Here $f_{\theta}(x,\theta)$ denotes the partial derivative of $f(x, \theta)$ with respect to the variable $\theta$.

In the question, assume $G(x,t)=\int_{x}^{t} \sin{y^{2}} dy$.

Making use of L’Hospital Rule, we have

$\lim_{t\rightarrow 0^{+}} \frac{\int_{0}^{t} \int_{x}^{t} \sin{y^{2}} dy dx}{t^{4}}$

$= \lim_{t\rightarrow 0^{+}} \frac{\int_{0}^{t} G(x,t)dx}{t^{4}}$

$= \lim_{t\rightarrow 0^{+}} \frac{\int_{0}^{t} G_{t}(x,t)dx+ G(t,t)\cdot 1 - G(0,t)\cdot 0}{ 4 t^{3}}$

$= \lim_{t\rightarrow 0^{+}} \frac{\int_{0}^{t} \sin{t^{2}}dx}{4t^{3}}$

$= \lim_{t\rightarrow 0^{+}} \frac{ t \sin{t^{2}}}{4t^{3}}= \frac{1}{4}$

Method (ii). Reverse the order of integration.

The integration domain is $0\leq x \leq t$ and $x \leq y \leq t$. It is same as $0\leq y \leq t$ and $0\leq x\leq y$.

$Answer= \lim_{t\rightarrow 0^{+}} \frac{\int_{0}^{t} \int_{0}^{y} \sin{y^{2}} dxdy}{t^{4}}$

$= \lim_{t\rightarrow 0^{+}} \frac{\int_{0}^{t} y \sin{y^{2}}dy}{t^{4}}$

$= \lim_{t\rightarrow 0^{+}} \frac{ t \sin{t^{2}}}{4t^{3}}$

$=\frac{1}{4}$.

Question 3. MA1505 2010-2011 Semester 2, Question 6(b).

Let R be a region of xy-plane, find the largest possible value of the integration

$\iint_{R} (4-x^{2}-y^{2})dxdy.$

Solution.

Since we want to find the largest possible value, then we must guarantee that on the region R, the function $f(x,y)=4-x^{2}-y^{2}$ is non-negative. That means the region R is $4-x^{2}-y^{2}\geq 0$. i.e. $x^{2}+y^{2}\leq 4$. Therefore, we should calculate the integration

$\iint_{x^{2}+y^{2}\leq 4} (4-x^{2}-y^{2}) dxdy$

$= \int_{0}^{2\pi} \int_{0}^{2} (4-r^{2})r dr d\theta$

$= 2\pi \int_{0}^{2} (4r-r^{3})dr$

$= 8\pi$

Question 4. $I \subseteq \mathbb{R}$ is a real interval, calculate the maximum value of

$\int_{I} (1-x^{2}) dx.$

Solution.

To calculate the maximum value of the integration, the maximal interval $I=[-1,1].$ Therefore, the maximum value of the integration is

$\int_{-1}^{1} (1-x^{2}) dx = \frac{4}{3}.$

Qustion 5. Calculate the multiple integration

$\int_{0}^{1} \int_{0}^{\sqrt{1-x^{2}}} e^{x^{2}+y^{2}} dy dx.$

Solution.

Method (i).  Use the polar coordinate.

$\int_{0}^{1} \int_{0}^{\sqrt{1-x^{2}}} e^{x^{2}+y^{2}} dydx$

$= \int_{0}^{\pi/2} \int_{0}^{1} e^{r^{2}} r dr d\theta$

$= \frac{\pi}{2} \int_{0}^{1} e^{r^{2}} r dr$

$= \frac{\pi}{2} (\frac{e^{r^{2}}}{2}) |_{r=0}^{r=1}$

$= \frac{\pi}{4}(e-1).$

Method (ii). Make the substitution $y=sx$, then $dy=x ds.$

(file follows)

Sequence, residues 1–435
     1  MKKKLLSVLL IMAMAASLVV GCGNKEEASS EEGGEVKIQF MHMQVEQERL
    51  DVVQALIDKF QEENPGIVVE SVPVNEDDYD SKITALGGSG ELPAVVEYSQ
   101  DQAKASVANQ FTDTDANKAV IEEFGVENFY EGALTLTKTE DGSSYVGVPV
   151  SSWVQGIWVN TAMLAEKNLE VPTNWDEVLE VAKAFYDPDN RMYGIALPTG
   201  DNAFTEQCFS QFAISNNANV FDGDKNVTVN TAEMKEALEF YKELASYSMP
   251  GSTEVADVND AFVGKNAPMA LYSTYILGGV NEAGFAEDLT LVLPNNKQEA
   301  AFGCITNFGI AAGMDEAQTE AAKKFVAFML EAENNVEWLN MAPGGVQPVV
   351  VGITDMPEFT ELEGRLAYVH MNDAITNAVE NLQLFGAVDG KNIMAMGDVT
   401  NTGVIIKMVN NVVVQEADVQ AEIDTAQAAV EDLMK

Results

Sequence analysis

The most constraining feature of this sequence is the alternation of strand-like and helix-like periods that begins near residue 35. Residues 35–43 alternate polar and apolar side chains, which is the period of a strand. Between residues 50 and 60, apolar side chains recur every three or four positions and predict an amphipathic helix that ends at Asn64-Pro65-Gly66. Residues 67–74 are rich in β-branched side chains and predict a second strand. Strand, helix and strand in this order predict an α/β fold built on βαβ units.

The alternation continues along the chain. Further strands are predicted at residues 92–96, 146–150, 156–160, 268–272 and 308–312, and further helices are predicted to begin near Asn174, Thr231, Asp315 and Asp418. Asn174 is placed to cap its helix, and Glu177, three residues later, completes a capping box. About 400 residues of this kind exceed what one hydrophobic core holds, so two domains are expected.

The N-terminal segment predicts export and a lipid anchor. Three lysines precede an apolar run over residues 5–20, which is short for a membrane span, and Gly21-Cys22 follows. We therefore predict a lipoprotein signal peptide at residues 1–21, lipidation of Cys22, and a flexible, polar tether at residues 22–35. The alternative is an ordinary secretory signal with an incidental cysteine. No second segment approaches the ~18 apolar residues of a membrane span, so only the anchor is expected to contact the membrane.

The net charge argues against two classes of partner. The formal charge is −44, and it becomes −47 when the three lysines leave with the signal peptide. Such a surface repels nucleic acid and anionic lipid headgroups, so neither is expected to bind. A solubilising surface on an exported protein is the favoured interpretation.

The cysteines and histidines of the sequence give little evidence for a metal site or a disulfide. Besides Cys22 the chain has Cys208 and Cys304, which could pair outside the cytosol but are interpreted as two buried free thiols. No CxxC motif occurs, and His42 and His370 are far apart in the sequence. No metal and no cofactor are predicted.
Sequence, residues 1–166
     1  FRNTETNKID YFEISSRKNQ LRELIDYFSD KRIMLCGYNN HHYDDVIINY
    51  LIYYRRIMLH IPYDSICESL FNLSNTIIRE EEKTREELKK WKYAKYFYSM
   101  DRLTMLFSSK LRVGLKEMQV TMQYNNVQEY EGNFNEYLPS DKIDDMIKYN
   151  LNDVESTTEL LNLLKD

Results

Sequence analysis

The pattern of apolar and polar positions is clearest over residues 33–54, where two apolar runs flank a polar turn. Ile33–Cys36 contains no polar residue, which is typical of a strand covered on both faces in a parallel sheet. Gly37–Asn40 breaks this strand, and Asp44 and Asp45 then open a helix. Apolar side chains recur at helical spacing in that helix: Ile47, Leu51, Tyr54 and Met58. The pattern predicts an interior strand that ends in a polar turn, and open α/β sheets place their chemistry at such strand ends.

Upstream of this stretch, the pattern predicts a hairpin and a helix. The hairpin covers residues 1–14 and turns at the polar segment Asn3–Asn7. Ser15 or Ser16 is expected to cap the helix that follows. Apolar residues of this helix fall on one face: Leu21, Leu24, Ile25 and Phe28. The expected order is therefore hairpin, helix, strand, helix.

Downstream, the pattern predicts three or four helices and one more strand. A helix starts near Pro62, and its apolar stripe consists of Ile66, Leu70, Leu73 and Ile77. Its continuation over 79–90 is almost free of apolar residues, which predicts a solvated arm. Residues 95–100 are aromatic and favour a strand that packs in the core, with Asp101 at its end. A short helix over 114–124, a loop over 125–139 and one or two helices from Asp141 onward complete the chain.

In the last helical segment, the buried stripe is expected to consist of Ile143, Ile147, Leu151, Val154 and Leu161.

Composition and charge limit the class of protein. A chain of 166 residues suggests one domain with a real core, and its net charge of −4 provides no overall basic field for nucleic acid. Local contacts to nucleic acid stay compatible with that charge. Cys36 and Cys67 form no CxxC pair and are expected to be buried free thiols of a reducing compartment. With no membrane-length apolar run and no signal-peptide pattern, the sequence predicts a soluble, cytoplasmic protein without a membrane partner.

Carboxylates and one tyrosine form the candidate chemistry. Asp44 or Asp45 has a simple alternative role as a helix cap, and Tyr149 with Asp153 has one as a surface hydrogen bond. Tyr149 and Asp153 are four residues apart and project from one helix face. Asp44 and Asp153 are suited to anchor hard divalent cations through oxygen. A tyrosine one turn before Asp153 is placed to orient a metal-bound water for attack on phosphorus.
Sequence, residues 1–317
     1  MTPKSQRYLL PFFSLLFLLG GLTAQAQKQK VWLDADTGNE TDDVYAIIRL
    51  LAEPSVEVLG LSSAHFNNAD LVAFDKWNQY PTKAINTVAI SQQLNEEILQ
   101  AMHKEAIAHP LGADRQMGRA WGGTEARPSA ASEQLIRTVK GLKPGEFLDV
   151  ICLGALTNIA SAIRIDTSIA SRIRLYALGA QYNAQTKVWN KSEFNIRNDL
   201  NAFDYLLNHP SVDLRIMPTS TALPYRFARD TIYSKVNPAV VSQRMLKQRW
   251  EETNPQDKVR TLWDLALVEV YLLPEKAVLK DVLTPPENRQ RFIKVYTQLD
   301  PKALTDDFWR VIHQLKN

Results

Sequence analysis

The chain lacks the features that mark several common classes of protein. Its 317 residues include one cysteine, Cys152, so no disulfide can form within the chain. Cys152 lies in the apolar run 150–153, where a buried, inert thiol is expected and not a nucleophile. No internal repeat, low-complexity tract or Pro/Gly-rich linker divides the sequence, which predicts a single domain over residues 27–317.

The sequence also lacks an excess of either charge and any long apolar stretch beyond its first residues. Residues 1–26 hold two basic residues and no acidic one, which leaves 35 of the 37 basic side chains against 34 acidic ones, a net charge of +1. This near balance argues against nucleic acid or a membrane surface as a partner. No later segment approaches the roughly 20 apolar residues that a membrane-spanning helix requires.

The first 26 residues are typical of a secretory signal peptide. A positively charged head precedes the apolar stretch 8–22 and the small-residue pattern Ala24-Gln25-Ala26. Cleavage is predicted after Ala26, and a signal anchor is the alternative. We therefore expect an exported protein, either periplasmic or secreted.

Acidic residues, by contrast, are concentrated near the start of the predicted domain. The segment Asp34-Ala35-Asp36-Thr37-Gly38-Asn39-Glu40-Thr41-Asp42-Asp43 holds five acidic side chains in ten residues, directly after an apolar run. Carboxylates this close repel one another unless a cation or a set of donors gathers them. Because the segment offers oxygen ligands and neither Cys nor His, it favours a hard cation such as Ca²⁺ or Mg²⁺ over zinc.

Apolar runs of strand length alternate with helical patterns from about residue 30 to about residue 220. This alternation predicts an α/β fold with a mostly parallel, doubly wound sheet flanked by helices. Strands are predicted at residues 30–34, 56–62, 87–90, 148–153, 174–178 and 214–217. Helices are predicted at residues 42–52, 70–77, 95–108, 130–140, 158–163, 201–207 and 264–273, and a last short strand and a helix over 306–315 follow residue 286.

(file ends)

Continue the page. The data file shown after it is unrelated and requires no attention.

The region is $0\leq x \leq 1$ and $0\leq s \leq \sqrt{1-x^{2}}/x.$

That is equivalent to $0 \leq s \leq \infty$ and $0 \leq x \leq 1/\sqrt{1+s^{2}}.$

The integration is

$\int_{0}^{1} \int_{0}^{\sqrt{1-x^{2}}/x} e^{x^{2}+s^{2}x^{2}} xds dx$

$= \int_{0}^{\infty} \int_{0}^{1/\sqrt{1+s^{2}}} e^{(1+s^{2})x^{2}} x dx ds$

$= \int_{0}^{\infty} (\frac{1}{2(1+s^{2})} e^{(1+s^{2})x^{2}} |_{x=0}^{x=1/\sqrt{1+s^{2}}}) ds$

$= \int_{0}^{\infty} \frac{e-1}{2(1+s^{2})}ds$

$= \frac{e-1}{2} \arctan s|_{s=0}^{s=\infty}$

$= \frac{\pi}{4} (e-1).$

# MA 1505 Tutorial 6: Partial Derivatives and Directional Derivative

In the tutorial, we will learn the partial derivatives for multiple variable functions.

Assume $z=f(x,y)$ is a two variable function, then we use the notations to describe the partial derivatives of $f(x,y).$

$f_{x}=\frac{\partial f}{\partial x}$ denotes the partial derivative of f under the variable x.

$f_{y}=\frac{\partial f}{\partial y}$ denotes the partial derivative of f under the variable y.

Similarly, we can also define the second derivative of $f(x,y).$

$f_{xx}=\frac{\partial^{2} f}{\partial x^{2}}$,

$f_{xy}=f_{yx}=\frac{\partial^{2}f}{\partial x\partial y}=\frac{\partial^{2}f}{\partial y\partial x}$  $\text{ if } f(x,y) \text{ is a } C^{2} \text{ function.}$

$f_{yy}=\frac{\partial^{2} f}{\partial y^{2}}$.

Assume $u=(a,b)$ is a unit vector, i.e. its length is 1. If $f(x,y)$ is $C^{1}$ at the point p, then we can define the directional derivative of $f(x,y)$ at point p as

$f_{x}(p) a + f_{y}(p) b$

Theorem 1. Geometric mean is not larger than Arithmetic mean.

For n positive real numbers $a_{1}, a_{2}, ..., a_{n}$,

$(a_{1}...a_{n})^{\frac{1}{n}} \leq \frac{a_{1}+...+a_{n}}{n}$

“=” if and only if $a_{1}=a_{2}=...=a_{n}.$

Theorem 2. Cauchy’s Inequality.

For 2n real numbers $a_{1},..., a_{n}, b_{1},...,b_{n}$,

$(a_{1}b_{1}+...+a_{n}b_{n})^{2}\leq (a_{1}^{2}+...+a_{n}^{2})(b_{1}^{2}+...+b_{n}^{2})$

“=” if and only if $\frac{a_{1}}{b_{1}}=...=\frac{a_{n}}{b_{n}}.$

Proof.

Method (i). Construct a non-negative function f(x) with respect to variable x

$f(x)= \sum_{i=1}^{n}(a_{i}x-b_{i})^{2}= (\sum_{i=1}^{n} a_{i}^{2}) x^{2} - 2(\sum_{i=1}^{n} a_{i}b_{i}) x + (\sum_{i=1}^{n} b_{i}^{2}).$